Friday, July 22, 2016

Chasing DX = A great view

I've been so swamped with school and work, and playing with the rapidly growing kiddo, I have let my radio pursuits slide a bit this summer. I've read on Twitter there's been some great new ops showing up on SO50, in rare grids. I've really been meaning to get out and work more of them, it just hasn't happened. Yesterday though, I resolved to chase some DX. 

Esteban, HC1JB, has shown up from time to time on SO50 recently, and he's worked some folks in the southern part of the US. It's always late in the pass, but after running the numbers I figured we should have a window. Emails exchanged, we settled on a descending SO50 pass with TCA's of around 50° for both of us. We'd have a 3 minute window as SO50 set for me, and was rising for him. He warned me though that from his QTH in Quito, Ecuador, he would be fighting mountains and volcanos for a clear view. I assured him that I could go all the way to the horizon, so I'd try and spot him as much elevation as I could. For this particular angle, I chose a hill in West Little Rock about 10 minutes from the house.. it's not as high as my 'mountain' is, but it gives me a wide angle to work with, and has a great uninterrupted horizon from about 150° to about 270°

The pass just happened to be a few minutes before sunset too, so while the bird streaked across the sky from AOS at 340° to LOS at about 160° I was treated to a great picture of the sun sinking over the distant sky. Esteban called me right on que with about 45 seconds to go, when I was down to 4° of elevation left. We quickly exchanged reports and said our 73s. The voices on the transponder all switched from English to Spanish, as US operators went LOS, and Latin American hams took over.

Satellite DXCC Entity #38, Oscar Century #95, and grid #422 in the log. Thanks my friend.. hope your view was as good as mine.

Thursday, July 21, 2016

Battery Powered

I have always taken a unique approach to powering my radios, compared to the rest of the hobby. I have never *once* made a QSO with my own gear on anything that wasn't battery powered. I simply don't own any power supplies, and have never had the need or desire to get one. Now obviously I use AC power to charge my batteries, and I have tapped into the big battery on my Jeep (even going to so far as to run powerpoles to two different place in it) but the fact remains that when it's time to actually turn electricity into RF, it has always been a battery that is providing the juice to do it.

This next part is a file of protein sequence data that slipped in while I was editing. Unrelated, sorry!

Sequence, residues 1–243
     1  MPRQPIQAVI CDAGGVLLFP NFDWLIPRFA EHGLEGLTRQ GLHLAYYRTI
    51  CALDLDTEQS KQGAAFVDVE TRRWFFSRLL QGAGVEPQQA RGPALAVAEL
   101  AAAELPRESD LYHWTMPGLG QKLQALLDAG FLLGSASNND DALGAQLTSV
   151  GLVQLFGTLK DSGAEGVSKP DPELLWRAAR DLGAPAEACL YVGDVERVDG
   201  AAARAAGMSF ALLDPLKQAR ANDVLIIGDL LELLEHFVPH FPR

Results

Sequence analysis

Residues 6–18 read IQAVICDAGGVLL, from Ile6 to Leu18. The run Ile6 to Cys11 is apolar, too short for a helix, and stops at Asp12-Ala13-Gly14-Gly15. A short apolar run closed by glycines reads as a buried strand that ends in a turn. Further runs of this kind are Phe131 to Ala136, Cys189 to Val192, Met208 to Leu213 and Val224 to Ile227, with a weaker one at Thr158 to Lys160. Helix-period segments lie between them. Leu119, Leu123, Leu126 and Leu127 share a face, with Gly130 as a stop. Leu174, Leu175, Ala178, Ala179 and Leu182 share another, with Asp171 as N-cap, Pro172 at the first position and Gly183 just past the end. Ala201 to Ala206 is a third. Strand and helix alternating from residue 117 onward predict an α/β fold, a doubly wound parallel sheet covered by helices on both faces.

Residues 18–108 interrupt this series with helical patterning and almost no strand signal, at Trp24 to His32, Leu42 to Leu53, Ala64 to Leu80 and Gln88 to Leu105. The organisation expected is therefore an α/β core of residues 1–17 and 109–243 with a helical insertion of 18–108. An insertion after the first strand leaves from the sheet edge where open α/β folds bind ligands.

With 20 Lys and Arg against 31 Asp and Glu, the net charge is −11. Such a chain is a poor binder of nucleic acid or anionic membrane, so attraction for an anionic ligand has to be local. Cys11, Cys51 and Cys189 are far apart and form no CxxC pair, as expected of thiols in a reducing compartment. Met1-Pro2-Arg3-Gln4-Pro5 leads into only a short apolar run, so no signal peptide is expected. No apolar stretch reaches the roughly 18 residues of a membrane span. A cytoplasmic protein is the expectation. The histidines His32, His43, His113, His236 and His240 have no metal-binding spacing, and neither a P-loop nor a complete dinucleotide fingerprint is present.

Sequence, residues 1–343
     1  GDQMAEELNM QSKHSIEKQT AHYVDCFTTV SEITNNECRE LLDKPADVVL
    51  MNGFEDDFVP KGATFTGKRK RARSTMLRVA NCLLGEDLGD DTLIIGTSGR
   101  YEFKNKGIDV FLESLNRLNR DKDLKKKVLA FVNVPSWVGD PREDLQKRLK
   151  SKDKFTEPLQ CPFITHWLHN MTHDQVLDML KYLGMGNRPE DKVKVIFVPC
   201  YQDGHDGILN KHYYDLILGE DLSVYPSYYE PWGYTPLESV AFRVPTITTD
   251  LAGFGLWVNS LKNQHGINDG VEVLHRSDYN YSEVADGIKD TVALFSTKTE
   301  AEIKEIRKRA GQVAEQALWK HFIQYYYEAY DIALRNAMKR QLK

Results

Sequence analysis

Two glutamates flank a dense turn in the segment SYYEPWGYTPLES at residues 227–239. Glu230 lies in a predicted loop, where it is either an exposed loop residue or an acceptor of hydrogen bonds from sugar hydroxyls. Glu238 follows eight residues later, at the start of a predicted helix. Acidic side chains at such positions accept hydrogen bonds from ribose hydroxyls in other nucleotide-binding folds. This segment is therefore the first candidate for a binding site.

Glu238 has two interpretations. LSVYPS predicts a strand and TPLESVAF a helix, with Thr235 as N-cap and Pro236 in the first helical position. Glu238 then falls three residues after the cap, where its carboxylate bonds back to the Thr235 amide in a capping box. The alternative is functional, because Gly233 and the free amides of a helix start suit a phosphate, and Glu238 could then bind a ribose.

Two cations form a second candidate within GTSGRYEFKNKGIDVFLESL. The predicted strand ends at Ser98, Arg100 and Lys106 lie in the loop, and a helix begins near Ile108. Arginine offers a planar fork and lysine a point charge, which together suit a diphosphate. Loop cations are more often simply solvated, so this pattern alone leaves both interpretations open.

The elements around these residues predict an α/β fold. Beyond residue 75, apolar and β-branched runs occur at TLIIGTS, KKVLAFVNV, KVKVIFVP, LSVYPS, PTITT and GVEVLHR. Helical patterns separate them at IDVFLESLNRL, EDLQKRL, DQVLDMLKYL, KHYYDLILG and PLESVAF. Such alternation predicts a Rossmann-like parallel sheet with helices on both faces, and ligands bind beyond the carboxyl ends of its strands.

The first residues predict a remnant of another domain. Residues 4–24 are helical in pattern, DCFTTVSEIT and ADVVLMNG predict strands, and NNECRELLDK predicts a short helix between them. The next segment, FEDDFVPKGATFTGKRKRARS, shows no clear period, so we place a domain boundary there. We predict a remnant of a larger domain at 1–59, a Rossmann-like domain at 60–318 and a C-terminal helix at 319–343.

I've got several different versions, for depending on what I'm up to. For 'normal' everyday usage on HF with my 857 I've got a pair of Werker 35AH Deep Cycle lead batteries (left most in the picture). They work well, and I can use the 857 at the full 100W on one or both of these for a day's worth of contacts. Next I've got a smaller Werker Deep Cycle, rated at 12AH (furthest to the right) that I use for slightly smaller jobs. It doesn't quite have the capacity to handle a full 100W HF load (on especially something like 6m) on the 857, but at lower levels < 50W it works well. This battery is nice for quick "hamming in the park" or NPOTA application where I'll only be on the air for a few hours, and don't necessarily need full power. The SLABs (Sealed Lead Acid) are my workhorses, and do most of the heavy lifting when it comes to powering my different rigs.

Finally, I've got the sports car of the bunch - my Zippy 8.4AH LiFePo4 Battery Pack (The blue battery in the middle). This thing is stripped down with no fanciness, but weighs about 1/4 of what the SLABs do for equal power, and the Lithium chemistry will hold full voltage even under the full load of 100W 6M FM from the 857. It is what I find myself using more and more of these days, because it's just so light and powerful. When it goes dead though, you REALLY have to watch it, cause voltage will fall from 13.2V to < 12V in a matter of minutes - and when it does, the battery is dead and it's time for a recharge.